This week, NRDC filed suit against El Dorado County in Northern California, citing the county’s continuing failure to comply with state regulations designed to prevent the waste of water in newly installed irrigated landscapes. Under a law enacted over 25 years ago1, this responsibility falls upon every city and county in California as they issue building permits that include irrigated landscapes. State regulations, known as the Model Water Efficient Landscape Ordinance (MWELO), include standards for landscape design and irrigation efficiency that were last updated in 2015. While hundreds of local jurisdictions have implemented the 2015 update (including Placerville, the county seat of El Dorado County), the County government itself has not, although brisk building activity has resulted in many new landscape installations receiving county permits.
In a normal year, about half of all the water consumption in California’s urban areas is used outdoors, making the failure to prevent wasteful irrigation practices a serious threat to the reliability of urban water supplies in a changing climate. Statewide requirements for landscape efficiency make extra sense in light of the many interconnections provided by federal and state water projects and the critical need to protect vulnerable resources of statewide concern, such as the Bay-Delta system. In late 2017, NRDC brought cases similar to this one against the cities of Pasadena and Murrieta in Southern California for a list of infractions very much like those we allege against El Dorado County. Both cases were settled within the past year with negotiated agreements ensuring stronger local standards and the installation of supplemental water-conserving projects to offset the excess water consumption of landscapes installed under the cities' former, less stringent standards. The Pasadena settlement is described here.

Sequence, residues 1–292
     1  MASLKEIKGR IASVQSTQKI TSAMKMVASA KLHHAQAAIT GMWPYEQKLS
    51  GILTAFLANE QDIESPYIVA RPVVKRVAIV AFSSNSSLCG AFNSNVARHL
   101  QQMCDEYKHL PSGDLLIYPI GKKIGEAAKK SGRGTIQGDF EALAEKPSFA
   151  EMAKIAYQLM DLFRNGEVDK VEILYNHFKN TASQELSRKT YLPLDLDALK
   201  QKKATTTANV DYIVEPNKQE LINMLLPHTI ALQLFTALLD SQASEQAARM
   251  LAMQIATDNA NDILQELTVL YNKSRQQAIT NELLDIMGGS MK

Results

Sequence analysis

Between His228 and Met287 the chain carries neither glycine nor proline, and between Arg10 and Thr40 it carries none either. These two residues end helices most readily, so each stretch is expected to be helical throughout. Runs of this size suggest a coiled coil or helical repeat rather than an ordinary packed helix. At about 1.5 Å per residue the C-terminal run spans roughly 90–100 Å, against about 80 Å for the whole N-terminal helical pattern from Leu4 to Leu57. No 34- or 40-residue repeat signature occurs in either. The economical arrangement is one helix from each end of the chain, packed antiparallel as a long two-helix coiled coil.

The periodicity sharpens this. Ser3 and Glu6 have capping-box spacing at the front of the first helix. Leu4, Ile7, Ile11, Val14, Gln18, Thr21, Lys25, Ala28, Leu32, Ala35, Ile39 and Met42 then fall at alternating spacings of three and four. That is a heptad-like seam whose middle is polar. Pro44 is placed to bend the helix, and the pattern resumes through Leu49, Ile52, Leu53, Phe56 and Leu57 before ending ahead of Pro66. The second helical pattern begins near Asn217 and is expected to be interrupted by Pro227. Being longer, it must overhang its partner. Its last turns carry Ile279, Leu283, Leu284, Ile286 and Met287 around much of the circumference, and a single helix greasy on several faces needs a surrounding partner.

In recent correspondence with NRDC, the County offered no substantive excuse for its failure to comply with state regulations that were issued during the height of the drought with considerable publicity, as noted here. The County provided NRDC with information about the use of recycled water in some new developments, but such practices do not mean that the County is complying with state regulations. Indeed, while the El Dorado Irrigation District (EID), the primary water supplier in the western part of the county, has long offered recycled water, the EID recycled water service area is just a fraction of the total EID service area, which itself is a fraction of the unincorporated area of El Dorado County in which county building permits are issued. Also, the EID recycled water system was already oversubscribed as of 2014, and has to be supplemented with fresh water to serve its existing connections.
The use of recycled water is recognized under MWELO, but it is not an off-ramp. All of the prescriptive requirements contained in 2015 MWELO, such as efficient irrigation equipment, mulching, metering, etc., apply to new landscapes served with recycled water. In any event, with permits for over 1,700 dwellings having been issued from 2016 through 2018, the number of permitted landscapes using potable water is likely to be considerable.
El Dorado County is just one of several hundred communities that have failed to submit required annual reports on their landscape permitting activity since 2015 to the Department of Water Resources, and many of these communities have failed to adopt either 2015 MWELO or a local ordinance that is equally effective. In light of this persistent and widespread non-compliance with state landscape regulations, and the importance of prudent outdoor water use for maintaining drinking water supplies, further litigation may well be necessary.
 In 1990, the Water Conservation in Landscaping Act aimed to reduce water used for irrigation on urban landscapes, by specifying that new landscapes and major renovations of existing landscapes be designed and installed to be water-efficient. To implement the act, the Water Efficient Landscape Ordinance (MWELO) sets criteria for the design and installation of new landscapes. All cities and counties must report to the Department of Water Resources on the scope and enforcement of their landscape ordinance on an annual basis. Analysis of this information helps bring local enforcement into focus and helps spot gaps in the effectiveness of MWELO.